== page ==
clear out the trees for a sufficient distance and their "finds" once more become overturned by growing roots or the stems of gigantic climbers.
So, where jungle is the rule, and clearings have to be protected, it is natural that the botanical gardens should have a patch of jungle. This is situated in the experiment station grounds, but easily reached by the visitor. Here may be seen the native trees of the region in their natural condition and the visitor may get some idea of tropical luxuriance in the large number of species present on even a small tract of ground. It must be said, however, that a visit to this bit of jungle would be, to many visitors, a disappointment, for it is not filled with air plants hanging from the trees nor rendered impenetrable by interlacing stems of climbing plants. It is, however, much easier to travel through than the jungles at sea level in districts of great heat and humidity.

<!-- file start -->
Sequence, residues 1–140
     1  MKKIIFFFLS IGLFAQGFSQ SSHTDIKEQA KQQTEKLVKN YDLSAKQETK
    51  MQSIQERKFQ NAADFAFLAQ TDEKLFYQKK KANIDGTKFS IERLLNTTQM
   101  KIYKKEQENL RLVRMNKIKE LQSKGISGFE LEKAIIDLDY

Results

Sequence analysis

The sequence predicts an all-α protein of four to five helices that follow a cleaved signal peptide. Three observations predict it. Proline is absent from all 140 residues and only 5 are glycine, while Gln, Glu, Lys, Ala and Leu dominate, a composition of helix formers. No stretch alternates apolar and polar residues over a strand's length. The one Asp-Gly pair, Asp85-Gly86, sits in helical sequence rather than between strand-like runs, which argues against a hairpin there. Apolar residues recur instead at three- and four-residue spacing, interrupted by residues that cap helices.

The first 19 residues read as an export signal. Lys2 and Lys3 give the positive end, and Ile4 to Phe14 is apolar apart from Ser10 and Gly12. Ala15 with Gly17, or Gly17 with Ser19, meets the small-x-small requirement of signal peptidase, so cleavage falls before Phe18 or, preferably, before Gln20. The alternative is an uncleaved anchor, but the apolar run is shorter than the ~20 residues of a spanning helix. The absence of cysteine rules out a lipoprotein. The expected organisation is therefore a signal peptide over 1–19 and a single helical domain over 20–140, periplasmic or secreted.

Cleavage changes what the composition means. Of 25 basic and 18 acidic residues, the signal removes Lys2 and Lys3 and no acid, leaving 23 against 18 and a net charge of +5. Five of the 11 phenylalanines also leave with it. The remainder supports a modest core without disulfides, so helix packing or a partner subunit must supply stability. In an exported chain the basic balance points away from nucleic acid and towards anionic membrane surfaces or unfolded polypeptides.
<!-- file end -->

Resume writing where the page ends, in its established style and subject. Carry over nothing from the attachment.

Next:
The botanist who is interested in ecology—the relation of the plant to its environment—is often on the lookout for field and roadside weeds. In temperate regions, particularly in the western United States, roadside weeds make a constant and striking feature of the landscape. This is not the case, as a rule, in the tropics. Indeed, there are not only rather few weeds, but few flowering herbs of any kind. The